Monday, October 21, 2013
Hancock Shaker Village India Relish
Last Wednesday, Bob and I hustled out to the Bethesda Women's Farm Market early to buy our green tomatoes. At first I was afraid that I would have to drive to the Homestead Farm in Poolesville, which, this time of year, is like a convention center for preschoolers and their teachers. Yellow buses park in ranks, disgorging young kids to visit the pumpkin patch. But, luckily, I was spared the drive, as a man named Ray had baskets of lovely pale green tomatoes at his stall.
On Saturday afternoon, after noticing that the green on the tomatoes was starting to shade into a pale orange in a few spots, I decided I had better get busy and turn the tomatoes into relish before they all ripened. This happened twice last year. Baskets of green tomatoes became red tomatoes before I got around to canning them. So even though I had to go to the grocery store. I began chopping and measuring.
The only potentially hard to find ingredient in this recipe is citron. Citron, according to Wikipedia, is an actual citrus fruit. However, the pulp, the part of the other citrus fruits we eat or squeeze into juice, is not very good. What you get when you buy citron is the candied flesh of the inner rind. It is used for fruit cake, mincemeat and other vaguely esoteric foods. You can buy it on line at .www.nuts.com, among other places.
The relish is sweet and tart at the same time, due to the vinegar and sugar. In the 19th century, cooks served relishes to spark up their meals. Wikipedia says that relishes came from India. However, the website warns that the article on relishes "has multiple issues" so we can take that with a grain of salt (or sugar.).
You may be wondering what to do with India relish once you make it. First of all, you have to remember you have it. Bob wants to move all the canned goods canned by me downstairs to the laundry room where they could be displayed on shelves at eye level. Right now, they are all jammed together on a shelf in the upper reaches of the pantry. then, I would do what the 19th Century cooks did, and serve your relish with a meat dinner, roast chicken, roast beef, roast pork. Or, you can spread them on crackers and make an hors d'oeurve with brie or cheddar cheese and a dab of relish.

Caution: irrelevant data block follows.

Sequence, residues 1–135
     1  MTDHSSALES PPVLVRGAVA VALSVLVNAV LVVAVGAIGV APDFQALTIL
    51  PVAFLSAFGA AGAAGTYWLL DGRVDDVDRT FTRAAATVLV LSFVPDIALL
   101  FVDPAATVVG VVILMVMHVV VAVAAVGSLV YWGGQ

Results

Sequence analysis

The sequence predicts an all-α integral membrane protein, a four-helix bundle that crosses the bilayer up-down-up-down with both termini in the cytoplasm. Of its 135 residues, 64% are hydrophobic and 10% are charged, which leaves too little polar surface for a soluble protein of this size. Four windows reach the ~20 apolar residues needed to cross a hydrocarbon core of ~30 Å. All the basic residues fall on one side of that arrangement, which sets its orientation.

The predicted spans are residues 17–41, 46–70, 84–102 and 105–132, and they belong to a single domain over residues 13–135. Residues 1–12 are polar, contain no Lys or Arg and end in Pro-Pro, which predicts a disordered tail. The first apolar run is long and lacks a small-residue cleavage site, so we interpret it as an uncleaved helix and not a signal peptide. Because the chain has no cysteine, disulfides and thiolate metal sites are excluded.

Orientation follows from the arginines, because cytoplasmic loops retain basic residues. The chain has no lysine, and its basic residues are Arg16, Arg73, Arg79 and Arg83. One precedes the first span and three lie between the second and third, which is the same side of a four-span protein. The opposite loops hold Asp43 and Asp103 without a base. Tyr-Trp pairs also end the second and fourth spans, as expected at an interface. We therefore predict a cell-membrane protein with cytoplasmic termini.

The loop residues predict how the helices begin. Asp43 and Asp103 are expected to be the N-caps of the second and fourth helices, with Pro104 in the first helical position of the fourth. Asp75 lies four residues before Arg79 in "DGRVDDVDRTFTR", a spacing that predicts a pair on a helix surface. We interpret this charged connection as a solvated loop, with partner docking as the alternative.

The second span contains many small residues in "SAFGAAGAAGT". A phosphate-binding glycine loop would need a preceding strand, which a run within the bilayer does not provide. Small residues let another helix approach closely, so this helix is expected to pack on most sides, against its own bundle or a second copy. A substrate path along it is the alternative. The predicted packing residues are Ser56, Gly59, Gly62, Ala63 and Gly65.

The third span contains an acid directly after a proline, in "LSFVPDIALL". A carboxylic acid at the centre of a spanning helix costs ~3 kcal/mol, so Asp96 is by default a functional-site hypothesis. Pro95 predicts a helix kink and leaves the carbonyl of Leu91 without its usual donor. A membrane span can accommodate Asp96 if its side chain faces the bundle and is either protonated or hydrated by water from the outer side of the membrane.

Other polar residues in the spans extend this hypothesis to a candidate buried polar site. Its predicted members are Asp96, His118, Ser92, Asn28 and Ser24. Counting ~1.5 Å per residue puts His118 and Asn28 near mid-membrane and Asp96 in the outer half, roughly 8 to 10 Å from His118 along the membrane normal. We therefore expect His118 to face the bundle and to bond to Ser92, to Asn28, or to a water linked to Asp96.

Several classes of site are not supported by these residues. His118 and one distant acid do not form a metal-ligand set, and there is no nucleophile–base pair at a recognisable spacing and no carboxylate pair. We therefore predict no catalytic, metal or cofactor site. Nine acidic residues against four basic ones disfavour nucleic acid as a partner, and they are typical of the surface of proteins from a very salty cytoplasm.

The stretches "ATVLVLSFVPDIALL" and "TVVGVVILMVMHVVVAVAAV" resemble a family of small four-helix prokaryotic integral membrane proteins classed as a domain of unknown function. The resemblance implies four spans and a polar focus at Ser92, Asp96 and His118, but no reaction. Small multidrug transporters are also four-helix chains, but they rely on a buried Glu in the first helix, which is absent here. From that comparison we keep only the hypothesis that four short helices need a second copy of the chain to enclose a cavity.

This recipe requires sealing in a boiling water bath. That means a great big canning kettle with a rack so you can lift up the jars. Hewitt does not give us any guidance about time. Sadly, neither do the various state cooperative extensions that have websites devoted to safe canning. I guess it is a bit much to expect home extension agents to determine canning times for every conceivable food people want to can. The website Seasoned Advice, at www.stackexchange.com, suggests that the cook use the processing time for the ingredient with the longest processing time. In this case, the processing time would be 40 minutes. Don't forget to sterilize your jars and lids.
Hancock Shaker Village India Relish
8 pounds very small green tomatoes (you may have to make do with regular-size tomatoes)
8 cups light brown sugar or maple sugar
2 cups water
3 sticks cinnamon
2 tablespoons ground ginger
3 lemons very thinly sliced
2 cups citron, shredded. (It comes diced now.)
3 cups raisins
Peel of one small orange, finely chopped
1. Wash to tomatoes and cut into quarters (or smaller pieces if using regular size tomatoes)
2. Bring the sugar and water to a boil, stirring until the sugar dissolves and simmer tow to three minutes. Add tomatoes and remaining ingredients. Simmer, stirring, three hours, or until lemon slices and citron peel look transparent and tomatoes are very tender. Pour into hot sterilized jars and seal. Cool and store in a cool, dark, dry place. Serve with cold meat. Makes eight to ten pints.